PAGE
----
I read an article in Business Week about a month ago (November 28, 2005, page 24) that I tore out to share with my team and my clients. Green Foot Forward was about John R. Hoke III, the design guru at Nike. This man has taken an unorthodox approach to developing shoes. For example, his designers are encouraged to rely on geometry rather than chemistry in construction. That means fit-together systems trump adhesives. He also stresses the use of natural materials over synthetics. That makes Nike shoes better for the environment.
Hoke also believes that if you are going to design outside the box you have to get outside your office for inspiration. He sends his team on design inspiration trips that include the zoo and the Detroit auto show. The idea is to look for everywhere for innovation that can apply to their product.
I couldn’t agree with Hoke’s approach more. Two weeks ago I was giving a presentation for a long-standing client when someone asked me the best way to stay connected with trends in the market, and the best places to look for inspiration. I know this person was waiting for me to promote our trend newsletter The Trend Curve™, then provide a list of trade shows to see.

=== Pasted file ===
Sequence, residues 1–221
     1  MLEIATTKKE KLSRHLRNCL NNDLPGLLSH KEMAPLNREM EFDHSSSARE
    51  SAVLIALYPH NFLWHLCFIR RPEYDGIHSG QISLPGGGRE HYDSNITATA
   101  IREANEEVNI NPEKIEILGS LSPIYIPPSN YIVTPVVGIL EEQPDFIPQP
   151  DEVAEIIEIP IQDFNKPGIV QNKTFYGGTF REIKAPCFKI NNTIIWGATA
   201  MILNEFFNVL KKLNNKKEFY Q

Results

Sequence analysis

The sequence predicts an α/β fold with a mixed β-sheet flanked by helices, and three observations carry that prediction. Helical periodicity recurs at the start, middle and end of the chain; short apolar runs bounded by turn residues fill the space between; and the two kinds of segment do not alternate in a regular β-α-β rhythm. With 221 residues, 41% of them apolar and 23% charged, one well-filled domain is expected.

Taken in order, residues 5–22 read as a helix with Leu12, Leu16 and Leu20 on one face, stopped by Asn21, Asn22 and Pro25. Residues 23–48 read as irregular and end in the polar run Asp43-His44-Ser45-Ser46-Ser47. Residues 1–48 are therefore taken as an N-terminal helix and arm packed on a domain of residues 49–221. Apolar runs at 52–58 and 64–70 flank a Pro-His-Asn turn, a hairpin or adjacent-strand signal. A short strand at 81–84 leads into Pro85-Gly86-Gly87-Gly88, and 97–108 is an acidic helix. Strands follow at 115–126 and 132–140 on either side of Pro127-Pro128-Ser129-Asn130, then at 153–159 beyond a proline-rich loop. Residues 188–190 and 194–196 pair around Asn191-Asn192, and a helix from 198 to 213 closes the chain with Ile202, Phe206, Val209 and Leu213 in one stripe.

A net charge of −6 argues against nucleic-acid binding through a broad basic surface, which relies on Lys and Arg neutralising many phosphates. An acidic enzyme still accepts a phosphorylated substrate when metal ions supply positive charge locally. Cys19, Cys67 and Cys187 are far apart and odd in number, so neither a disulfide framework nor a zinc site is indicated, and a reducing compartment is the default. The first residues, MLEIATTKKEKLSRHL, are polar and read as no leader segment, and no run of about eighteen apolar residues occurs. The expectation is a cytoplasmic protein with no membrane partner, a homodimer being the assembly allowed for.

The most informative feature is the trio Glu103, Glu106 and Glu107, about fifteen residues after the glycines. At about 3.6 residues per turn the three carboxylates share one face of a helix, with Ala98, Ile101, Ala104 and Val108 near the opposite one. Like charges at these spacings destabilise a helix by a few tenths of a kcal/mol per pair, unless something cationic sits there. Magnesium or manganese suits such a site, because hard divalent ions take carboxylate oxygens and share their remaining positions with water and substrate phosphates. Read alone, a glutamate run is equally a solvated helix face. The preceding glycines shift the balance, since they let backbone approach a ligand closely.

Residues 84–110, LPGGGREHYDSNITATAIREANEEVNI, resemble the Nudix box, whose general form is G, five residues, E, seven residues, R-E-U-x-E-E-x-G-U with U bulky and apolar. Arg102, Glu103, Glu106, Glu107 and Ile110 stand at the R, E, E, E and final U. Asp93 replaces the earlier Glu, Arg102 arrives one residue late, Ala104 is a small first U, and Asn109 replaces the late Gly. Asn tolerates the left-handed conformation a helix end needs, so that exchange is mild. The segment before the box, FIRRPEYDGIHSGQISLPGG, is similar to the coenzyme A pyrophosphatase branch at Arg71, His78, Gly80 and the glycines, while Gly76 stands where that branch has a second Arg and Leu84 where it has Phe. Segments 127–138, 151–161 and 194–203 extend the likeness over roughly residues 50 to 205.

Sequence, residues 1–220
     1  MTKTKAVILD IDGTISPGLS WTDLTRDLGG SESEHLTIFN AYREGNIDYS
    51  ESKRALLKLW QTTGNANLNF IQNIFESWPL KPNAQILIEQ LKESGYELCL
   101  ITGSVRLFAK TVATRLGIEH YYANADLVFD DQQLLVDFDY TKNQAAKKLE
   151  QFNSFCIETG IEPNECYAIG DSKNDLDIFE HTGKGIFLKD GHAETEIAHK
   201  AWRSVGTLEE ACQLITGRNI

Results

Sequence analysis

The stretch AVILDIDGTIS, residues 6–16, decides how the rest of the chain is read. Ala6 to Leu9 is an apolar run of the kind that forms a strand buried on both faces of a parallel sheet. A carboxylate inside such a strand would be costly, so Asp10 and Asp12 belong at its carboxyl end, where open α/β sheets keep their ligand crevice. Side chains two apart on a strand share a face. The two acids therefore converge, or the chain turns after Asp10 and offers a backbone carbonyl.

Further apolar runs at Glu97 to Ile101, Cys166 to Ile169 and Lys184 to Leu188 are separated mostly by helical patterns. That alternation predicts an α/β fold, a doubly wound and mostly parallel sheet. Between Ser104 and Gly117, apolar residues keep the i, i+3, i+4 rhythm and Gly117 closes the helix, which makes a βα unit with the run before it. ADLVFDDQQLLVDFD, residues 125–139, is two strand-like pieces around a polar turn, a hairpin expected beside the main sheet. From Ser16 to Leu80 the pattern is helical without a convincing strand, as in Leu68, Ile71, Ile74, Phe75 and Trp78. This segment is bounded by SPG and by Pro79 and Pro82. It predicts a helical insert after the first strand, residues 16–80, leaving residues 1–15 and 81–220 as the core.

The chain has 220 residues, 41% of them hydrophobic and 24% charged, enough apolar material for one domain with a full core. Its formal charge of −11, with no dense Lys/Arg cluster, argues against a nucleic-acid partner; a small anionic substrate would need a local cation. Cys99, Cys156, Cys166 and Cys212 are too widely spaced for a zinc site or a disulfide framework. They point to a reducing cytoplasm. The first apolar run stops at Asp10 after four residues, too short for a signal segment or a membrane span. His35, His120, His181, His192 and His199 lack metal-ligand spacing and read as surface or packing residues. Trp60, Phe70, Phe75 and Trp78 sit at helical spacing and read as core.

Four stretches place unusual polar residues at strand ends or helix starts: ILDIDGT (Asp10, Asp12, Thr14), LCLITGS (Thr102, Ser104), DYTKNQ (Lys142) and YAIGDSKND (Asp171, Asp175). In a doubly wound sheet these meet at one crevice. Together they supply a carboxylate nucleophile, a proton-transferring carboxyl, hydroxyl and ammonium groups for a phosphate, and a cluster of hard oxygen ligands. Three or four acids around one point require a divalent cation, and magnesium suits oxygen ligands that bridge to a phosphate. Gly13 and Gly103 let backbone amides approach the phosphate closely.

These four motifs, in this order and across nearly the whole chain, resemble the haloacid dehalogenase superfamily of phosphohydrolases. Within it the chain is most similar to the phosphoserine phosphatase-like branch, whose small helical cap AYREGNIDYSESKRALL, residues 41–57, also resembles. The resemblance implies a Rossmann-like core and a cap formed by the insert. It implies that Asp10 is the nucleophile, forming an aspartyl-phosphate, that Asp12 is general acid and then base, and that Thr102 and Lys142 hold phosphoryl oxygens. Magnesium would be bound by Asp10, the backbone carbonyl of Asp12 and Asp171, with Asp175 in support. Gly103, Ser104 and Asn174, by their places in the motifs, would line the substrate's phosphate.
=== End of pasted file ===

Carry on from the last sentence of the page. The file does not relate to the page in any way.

While I did shamelessly recommend The Trend Curve, I did not stop with my list of must-see trade shows. I also pushed getting out of the office. Go anywhere. Visit Paris, San Francisco, Des Moines. Get outside of your industry, your category, your town. Go see art. Go to a trade show that does not apply to your product. See something new, anything new. Throw open the doors to your mind and see what comes in.
I am finding too many people who are satisfied to go see (fill in the blank with your favorite retailers), look at the competition and think that’s all that is needed for inspiration. Top execs are ones most likely to follow this line of thinking. They don’t want to spend money on travel that may not have a direct and immediate payback.
But while it’s true that design teams may learn something valuable about an industry leader’s assortment by following this path, they will learn very little about what is possible in the future. And their inspiration will be linked to what already exists in your category, not what has yet to be developed.
Leaving your office and looking at something new is an important way to get the creative juices flowing. The same is true of reading trade publications outside of your industry. When you do either one, make it a goal to connect the dots between those other categories and yours. You will be surprised at how much inspiration can be found.